“The New Guy” gets dose of old-time friendliness

RBC — I had to laugh. Here I was — I had been in Colorado for all of one week — and I was taking photos at, of all things, the annual Old-Timers dinner Saturday at the Fairfield Center.
Boy, did I feel out of place.
The dinner and dance seemed like a really nice affair — the Fairfield was packed. And I think the Old-Timers event is a great tradition. If you have lived in Rio Blanco County for 30 years or more, or if you were born here 30 or more years ago, you are welcome to attend.
Needless to say, I was not eligible.
I had moved to Meeker exactly one week earlier. A spouse of one of the newspaper’s staff members even gave me a nickname: TNG. It stands for “The New Guy.”
It was appropriate.
Indeed I am The New Guy, and I probably will carry that label for quite awhile, I suppose. Everywhere I have lived, it’s been the same. People are proud of where they are from, as well they should be. And newcomers, well, we might be welcome, but we may not be immediately embraced. There are no shortcuts to becoming a local. It takes time.
That sense of being from a place is particularly prevalent in a small town, where, if you are The New Guy, you stand out, because everybody knows everybody. If you were to move to, say, my hometown of Lawrence, Kan., nobody would notice, or even care, that you weren’t a local.
But being a local is a big deal in a small town.
And that’s one reason I like small towns. They give you a sense of belonging.
But it can be tough being The New Guy. People look at you differently. People may be wary of you, just because they don’t know you. You are viewed, if not suspiciously, then cautiously. After all, you are an outsider. You are not one of their own.
It’s been that way in every small town I have lived in.
My friend and long-time colleague Mitch Bettis, owner/publisher of the Herald Times, and I worked together at a small daily newspaper in southwest Kansas. Even though we both had immersed ourselves into the community, some of the old guard still viewed us as upstarts, as outsiders.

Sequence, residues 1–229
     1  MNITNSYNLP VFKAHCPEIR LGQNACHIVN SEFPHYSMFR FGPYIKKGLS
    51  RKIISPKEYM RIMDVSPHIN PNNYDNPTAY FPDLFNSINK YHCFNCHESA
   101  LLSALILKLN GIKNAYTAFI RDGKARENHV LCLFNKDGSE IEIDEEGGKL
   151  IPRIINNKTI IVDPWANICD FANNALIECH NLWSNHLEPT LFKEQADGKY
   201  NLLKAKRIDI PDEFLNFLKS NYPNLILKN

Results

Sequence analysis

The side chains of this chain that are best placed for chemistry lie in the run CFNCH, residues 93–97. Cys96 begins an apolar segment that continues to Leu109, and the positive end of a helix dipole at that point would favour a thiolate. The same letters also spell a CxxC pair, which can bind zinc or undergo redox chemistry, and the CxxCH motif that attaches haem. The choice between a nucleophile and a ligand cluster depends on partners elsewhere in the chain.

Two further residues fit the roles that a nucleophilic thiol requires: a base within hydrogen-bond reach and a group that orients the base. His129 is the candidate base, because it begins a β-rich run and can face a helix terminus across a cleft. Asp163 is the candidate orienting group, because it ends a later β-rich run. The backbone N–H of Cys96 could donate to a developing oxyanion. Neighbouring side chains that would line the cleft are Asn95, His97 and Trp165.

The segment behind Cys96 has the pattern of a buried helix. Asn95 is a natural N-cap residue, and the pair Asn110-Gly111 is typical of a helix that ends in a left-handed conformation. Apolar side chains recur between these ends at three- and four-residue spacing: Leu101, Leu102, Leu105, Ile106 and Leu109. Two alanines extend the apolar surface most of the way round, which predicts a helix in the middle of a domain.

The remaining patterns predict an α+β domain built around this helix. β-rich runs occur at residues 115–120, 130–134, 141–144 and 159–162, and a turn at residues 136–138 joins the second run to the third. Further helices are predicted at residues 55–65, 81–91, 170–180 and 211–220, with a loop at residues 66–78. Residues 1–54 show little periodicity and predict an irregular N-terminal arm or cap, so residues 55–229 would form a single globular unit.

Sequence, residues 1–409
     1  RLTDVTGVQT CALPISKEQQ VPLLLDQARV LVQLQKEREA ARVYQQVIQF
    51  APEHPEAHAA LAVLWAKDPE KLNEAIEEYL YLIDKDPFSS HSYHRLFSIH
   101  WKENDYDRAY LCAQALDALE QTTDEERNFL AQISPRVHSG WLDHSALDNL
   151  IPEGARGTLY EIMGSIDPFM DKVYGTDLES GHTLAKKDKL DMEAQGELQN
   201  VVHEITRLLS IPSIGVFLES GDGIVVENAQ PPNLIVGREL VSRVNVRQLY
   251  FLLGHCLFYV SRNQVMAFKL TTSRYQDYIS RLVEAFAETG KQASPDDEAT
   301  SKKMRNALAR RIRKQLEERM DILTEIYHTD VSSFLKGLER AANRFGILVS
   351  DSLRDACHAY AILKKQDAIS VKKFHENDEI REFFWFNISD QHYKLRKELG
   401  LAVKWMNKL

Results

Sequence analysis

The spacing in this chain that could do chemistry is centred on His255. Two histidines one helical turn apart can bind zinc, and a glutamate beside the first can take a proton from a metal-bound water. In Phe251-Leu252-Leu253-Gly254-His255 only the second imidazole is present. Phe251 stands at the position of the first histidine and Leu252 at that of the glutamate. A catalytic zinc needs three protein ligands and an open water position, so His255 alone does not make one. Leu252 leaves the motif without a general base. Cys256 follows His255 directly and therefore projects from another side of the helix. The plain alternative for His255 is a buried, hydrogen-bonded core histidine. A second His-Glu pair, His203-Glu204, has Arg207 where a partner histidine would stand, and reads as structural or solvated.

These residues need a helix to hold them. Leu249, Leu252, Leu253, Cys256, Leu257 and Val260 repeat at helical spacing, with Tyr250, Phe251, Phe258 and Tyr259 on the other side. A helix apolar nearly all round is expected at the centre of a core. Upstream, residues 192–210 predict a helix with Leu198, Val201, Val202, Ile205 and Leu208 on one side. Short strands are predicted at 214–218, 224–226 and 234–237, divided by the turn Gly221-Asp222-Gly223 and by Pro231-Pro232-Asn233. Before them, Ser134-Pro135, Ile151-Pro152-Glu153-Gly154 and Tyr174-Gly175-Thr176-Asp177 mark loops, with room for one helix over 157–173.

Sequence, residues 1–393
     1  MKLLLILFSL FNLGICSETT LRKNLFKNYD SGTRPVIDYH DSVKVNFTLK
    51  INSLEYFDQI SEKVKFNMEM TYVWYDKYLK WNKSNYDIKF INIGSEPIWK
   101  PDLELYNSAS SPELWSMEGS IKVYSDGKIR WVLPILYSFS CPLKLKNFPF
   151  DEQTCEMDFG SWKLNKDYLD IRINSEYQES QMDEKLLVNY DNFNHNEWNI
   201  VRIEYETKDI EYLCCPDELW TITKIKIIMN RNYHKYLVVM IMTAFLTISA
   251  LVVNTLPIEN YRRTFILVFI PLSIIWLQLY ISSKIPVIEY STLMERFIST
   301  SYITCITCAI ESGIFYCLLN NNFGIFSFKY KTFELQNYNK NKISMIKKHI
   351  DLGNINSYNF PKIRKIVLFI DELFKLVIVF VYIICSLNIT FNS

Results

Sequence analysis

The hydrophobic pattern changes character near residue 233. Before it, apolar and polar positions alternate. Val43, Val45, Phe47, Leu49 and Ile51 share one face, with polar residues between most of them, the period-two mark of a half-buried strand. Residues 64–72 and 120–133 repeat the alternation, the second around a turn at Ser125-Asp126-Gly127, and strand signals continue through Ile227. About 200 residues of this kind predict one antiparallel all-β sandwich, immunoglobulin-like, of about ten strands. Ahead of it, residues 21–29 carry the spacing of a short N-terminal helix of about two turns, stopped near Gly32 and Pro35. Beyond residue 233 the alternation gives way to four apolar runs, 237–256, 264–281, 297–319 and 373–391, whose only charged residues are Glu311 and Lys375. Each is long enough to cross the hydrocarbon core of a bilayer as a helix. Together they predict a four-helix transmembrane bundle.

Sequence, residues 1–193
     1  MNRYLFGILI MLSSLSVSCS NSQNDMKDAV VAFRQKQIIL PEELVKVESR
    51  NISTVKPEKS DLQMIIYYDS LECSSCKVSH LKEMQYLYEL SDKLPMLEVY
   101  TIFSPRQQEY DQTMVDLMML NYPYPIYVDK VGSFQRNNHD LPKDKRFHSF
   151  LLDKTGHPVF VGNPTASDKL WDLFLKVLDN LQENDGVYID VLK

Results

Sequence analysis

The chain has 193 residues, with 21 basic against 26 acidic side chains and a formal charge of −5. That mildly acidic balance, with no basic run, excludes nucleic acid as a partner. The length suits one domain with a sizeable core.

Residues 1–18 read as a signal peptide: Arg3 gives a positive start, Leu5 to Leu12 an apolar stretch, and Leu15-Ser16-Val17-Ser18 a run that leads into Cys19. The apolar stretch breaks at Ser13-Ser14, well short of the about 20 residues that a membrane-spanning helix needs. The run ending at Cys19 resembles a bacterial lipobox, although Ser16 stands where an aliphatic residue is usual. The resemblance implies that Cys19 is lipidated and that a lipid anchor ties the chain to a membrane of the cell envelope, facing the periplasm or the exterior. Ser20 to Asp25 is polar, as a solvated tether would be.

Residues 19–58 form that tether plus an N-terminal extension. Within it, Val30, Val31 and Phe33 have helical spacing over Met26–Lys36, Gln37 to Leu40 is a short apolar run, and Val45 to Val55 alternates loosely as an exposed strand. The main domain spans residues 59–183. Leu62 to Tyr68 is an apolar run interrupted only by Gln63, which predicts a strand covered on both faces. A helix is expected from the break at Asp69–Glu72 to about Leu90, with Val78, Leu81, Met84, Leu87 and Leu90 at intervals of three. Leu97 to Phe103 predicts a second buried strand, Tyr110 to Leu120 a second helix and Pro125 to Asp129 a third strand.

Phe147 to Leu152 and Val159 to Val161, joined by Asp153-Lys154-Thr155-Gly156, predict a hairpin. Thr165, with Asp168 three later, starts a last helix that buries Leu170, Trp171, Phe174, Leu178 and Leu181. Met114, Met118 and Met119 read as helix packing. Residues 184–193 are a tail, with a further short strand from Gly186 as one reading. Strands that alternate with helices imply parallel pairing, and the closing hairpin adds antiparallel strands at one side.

The ongoing debate between locals and newcomers was a topic of conversation even among those of us on the newspaper staff. Most of us had come from other places, but the locals on the staff liked to hold it over us that we were outsiders. I remember at one of our weekly department head meetings, the news editor became exasperated when heckled by one of the locals on the staff.
Finally, he couldn’t take it anymore.
“How long do you have to live here before you can say you are from here?” the news editor asked. It was a good question.
I recall when I first arrived in that southwest Kansas community, my predecessor warned me that in a small town, longevity, more than anything, counted above all else.
That may be true, but I’ve always rather liked moving to a new place, even if it did mean I was The New Guy. I have made several moves over the years. But there’s always something exciting — and a little scary — about starting fresh somewhere. You have to ask for directions, as silly as that may seem. You don’t know anybody. Everything is new, literally, from where to get a haircut to how to get a library card.
Actually, folks here in Rio Blanco County have been very welcoming, even though they may wonder about The New Guy. My landlords, Si and Sue Woodruff, whom I met for the first time when I locked myself out of my house last week, have been particularly gracious.
So, while it may be quite some time before I can say I am “from” Meeker. And I definitely won’t be attending an Old-Timers dinner anytime soon, except to take photos, I can promise you this, I am already proud to call Meeker home.